Sound 7: Greenwood Creek, Collected: 7/14, Mid July, overcast and warm
The babbling brook of Greenwood Creek in Greenwood Creek State Forest. As you listen to the rushing water flowing try to imagine the path the water travels as it dips down and falls over rocks. This section of Greenwood Creek declines in elevation and the water trickles down into a calm pool of stream water. The creek then flows into the west branch of the Oswegatchie River, one of St. Lawrence County’s major rivers. Underneath the bubbling stream lies an entire ecosystem of creatures. The stream is home to many macroinvertebrates like water pennies and various fly larvae, while the river is home to brook trout and many other aquatic animals. This sound is different from the rushing water at Lampson Falls. Based on sound alone can you pick out some differences?
Sound 8: Nature Walk, Collected: 7/14, Mid July, overcast and warm
This recording is also from a trip to Greenwood Creek State Forest. This nature walk captures the various bird calls we hear when we are outside, but that often fade into the backgroud to. Oftentimes we are focused on what we can see when we are outside and forget to use our other senses. Listening to the environment often reveals things hiding that we would otherwise miss with our eyes.
Sound 9: Canoe Paddle, Collected: 7/15, Mid July, sunny and cool
Little river paddle. There is something so soothing about the splashes and drips of a paddle in the water on a quiet evening. This audio was recorded during one of Nature Up North’s community paddles. The Little River is the perfect spot for a peaceful paddle; the water is flat and slow moving. The river filters out to the Grasse River, one of the five main rivers in St. Lawrence county. Both the Grasse and the Little River are home to many summer critters, like beavers and northern pike, although they are difficult to hear and even more difficult to spot.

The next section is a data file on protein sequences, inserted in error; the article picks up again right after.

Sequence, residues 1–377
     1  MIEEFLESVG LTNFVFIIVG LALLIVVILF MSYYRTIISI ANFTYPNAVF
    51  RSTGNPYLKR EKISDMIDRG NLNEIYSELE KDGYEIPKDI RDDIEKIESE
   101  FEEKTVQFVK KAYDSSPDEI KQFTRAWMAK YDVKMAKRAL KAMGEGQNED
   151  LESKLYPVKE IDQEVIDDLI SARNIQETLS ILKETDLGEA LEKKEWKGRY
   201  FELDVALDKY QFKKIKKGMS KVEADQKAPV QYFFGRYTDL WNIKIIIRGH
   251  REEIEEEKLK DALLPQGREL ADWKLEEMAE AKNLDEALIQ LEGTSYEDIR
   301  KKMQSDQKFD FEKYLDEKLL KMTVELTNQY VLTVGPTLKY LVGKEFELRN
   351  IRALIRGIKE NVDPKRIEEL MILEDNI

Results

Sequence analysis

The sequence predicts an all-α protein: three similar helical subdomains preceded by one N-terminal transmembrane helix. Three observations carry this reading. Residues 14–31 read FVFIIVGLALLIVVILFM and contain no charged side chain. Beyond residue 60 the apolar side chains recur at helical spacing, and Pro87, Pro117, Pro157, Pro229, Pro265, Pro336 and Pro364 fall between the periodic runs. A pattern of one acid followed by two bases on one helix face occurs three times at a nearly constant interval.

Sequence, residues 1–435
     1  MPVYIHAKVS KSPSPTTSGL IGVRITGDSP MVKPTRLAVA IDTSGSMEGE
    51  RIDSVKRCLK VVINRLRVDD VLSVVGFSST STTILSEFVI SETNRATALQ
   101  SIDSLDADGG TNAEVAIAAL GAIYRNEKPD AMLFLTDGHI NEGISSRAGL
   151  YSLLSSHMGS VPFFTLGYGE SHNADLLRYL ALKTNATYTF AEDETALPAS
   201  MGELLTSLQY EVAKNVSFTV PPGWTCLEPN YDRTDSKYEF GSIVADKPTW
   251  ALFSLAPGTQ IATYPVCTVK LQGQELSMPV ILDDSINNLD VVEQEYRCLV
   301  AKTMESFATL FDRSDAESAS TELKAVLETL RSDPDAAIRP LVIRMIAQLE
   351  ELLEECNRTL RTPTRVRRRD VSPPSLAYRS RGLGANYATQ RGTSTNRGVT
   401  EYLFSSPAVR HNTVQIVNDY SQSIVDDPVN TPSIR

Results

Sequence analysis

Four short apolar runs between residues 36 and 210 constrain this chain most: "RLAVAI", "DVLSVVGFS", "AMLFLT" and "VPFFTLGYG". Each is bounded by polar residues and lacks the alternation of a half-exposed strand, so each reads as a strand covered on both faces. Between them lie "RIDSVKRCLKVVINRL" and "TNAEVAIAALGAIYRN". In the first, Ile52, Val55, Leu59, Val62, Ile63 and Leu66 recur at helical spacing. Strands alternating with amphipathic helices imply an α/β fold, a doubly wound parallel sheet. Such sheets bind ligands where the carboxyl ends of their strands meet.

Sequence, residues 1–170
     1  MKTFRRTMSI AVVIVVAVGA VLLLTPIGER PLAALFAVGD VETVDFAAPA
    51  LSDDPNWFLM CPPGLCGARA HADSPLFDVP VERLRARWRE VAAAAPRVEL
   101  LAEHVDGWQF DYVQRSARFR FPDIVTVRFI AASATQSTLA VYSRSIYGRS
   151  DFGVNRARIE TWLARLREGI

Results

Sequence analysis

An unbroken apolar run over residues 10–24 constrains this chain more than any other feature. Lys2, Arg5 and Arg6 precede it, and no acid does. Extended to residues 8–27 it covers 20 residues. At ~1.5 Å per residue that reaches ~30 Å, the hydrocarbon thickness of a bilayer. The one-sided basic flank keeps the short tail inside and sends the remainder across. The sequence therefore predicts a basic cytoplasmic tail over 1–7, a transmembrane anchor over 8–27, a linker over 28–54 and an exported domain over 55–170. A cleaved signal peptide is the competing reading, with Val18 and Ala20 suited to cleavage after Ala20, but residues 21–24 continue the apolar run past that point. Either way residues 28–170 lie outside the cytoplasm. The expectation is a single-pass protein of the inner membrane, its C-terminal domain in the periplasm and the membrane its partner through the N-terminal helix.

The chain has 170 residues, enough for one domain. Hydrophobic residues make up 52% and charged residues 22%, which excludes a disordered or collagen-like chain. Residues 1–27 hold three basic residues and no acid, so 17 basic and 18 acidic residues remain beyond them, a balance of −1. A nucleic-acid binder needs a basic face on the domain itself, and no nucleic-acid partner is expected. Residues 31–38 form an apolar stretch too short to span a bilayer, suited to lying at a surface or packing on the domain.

Sound 10: Rain, Collected: 7/18, Mid July, hot, rainy, and humid
The pitter patter of rain is exactly what we needed in July after such a long stretch of hot, humid days. There is something so calming about a rainy day. It feels cozy and safe, and yet nature is hard at work. The rain falls when the clouds in the sky become too heavy and full of water droplets. When it rains, the ground absorbs the water, and then plants use it to photosynthesize so animals can eat the plants. Thanks to the rain, the cycle continues. 2022 has brought the rain to the North Country. Since January, the North Country has experienced an increase of 3.12 inches of rain on average, marking the year as the 20th wettest year in recorded history.
Sound 11: Wind, Collected 7/21, Late July, sunny, warm and windy
The trees' leaves rustle as the wind whistles through them. It is important for tree branches to be flexible so when the wind blows the branches aren’t damaged. Many tree leaves actually flip over during a storm. This is because leaves naturally grow in accordance to the area’s prevailing wind, but when storms occur the wind usually comes from a different direction so the leaves flip over.
Sound 12: Frogs, Collected 7/26, Late July, cool and overcast
These chirping sounds may sound like music, perhaps a drum beat or the spring of a guitar, but this natural noise actually depicts the chirping and ribbeting of our North Country frogs! We have many frogs and toads in this part of the world, but the most common to spot (or hear) are the Leopard Frog, the Wood Frog, the Green Frog and the Bullfrog. But the Green Frog and the Bullfrog take the cake for the best and loudest frog noises. Next time you are near a body of water, try to listen for and maybe even identify which frogs you hear.
Sound 13: Frog alarm, Collected 7/28, Late July, overcast and humid
This short recording captures one of the ways that Green Frogs communicate with each other. All frogs have unique calls that they use to pass messages between other frogs, but the Green Frog’s alarm is pretty unique. These frogs have a high chirpy call which signals to other frogs that danger is approaching. Although the call may sound like a chirping bird, it is actually a frog, likely chirping from a log, a rock, or shallow edge of a pond. Once one frog senses a predator they warn the others to find safety. You can hear many frogs mimic the call after the first alarm was raised and then each frog jumps into the water and hides until safety is available.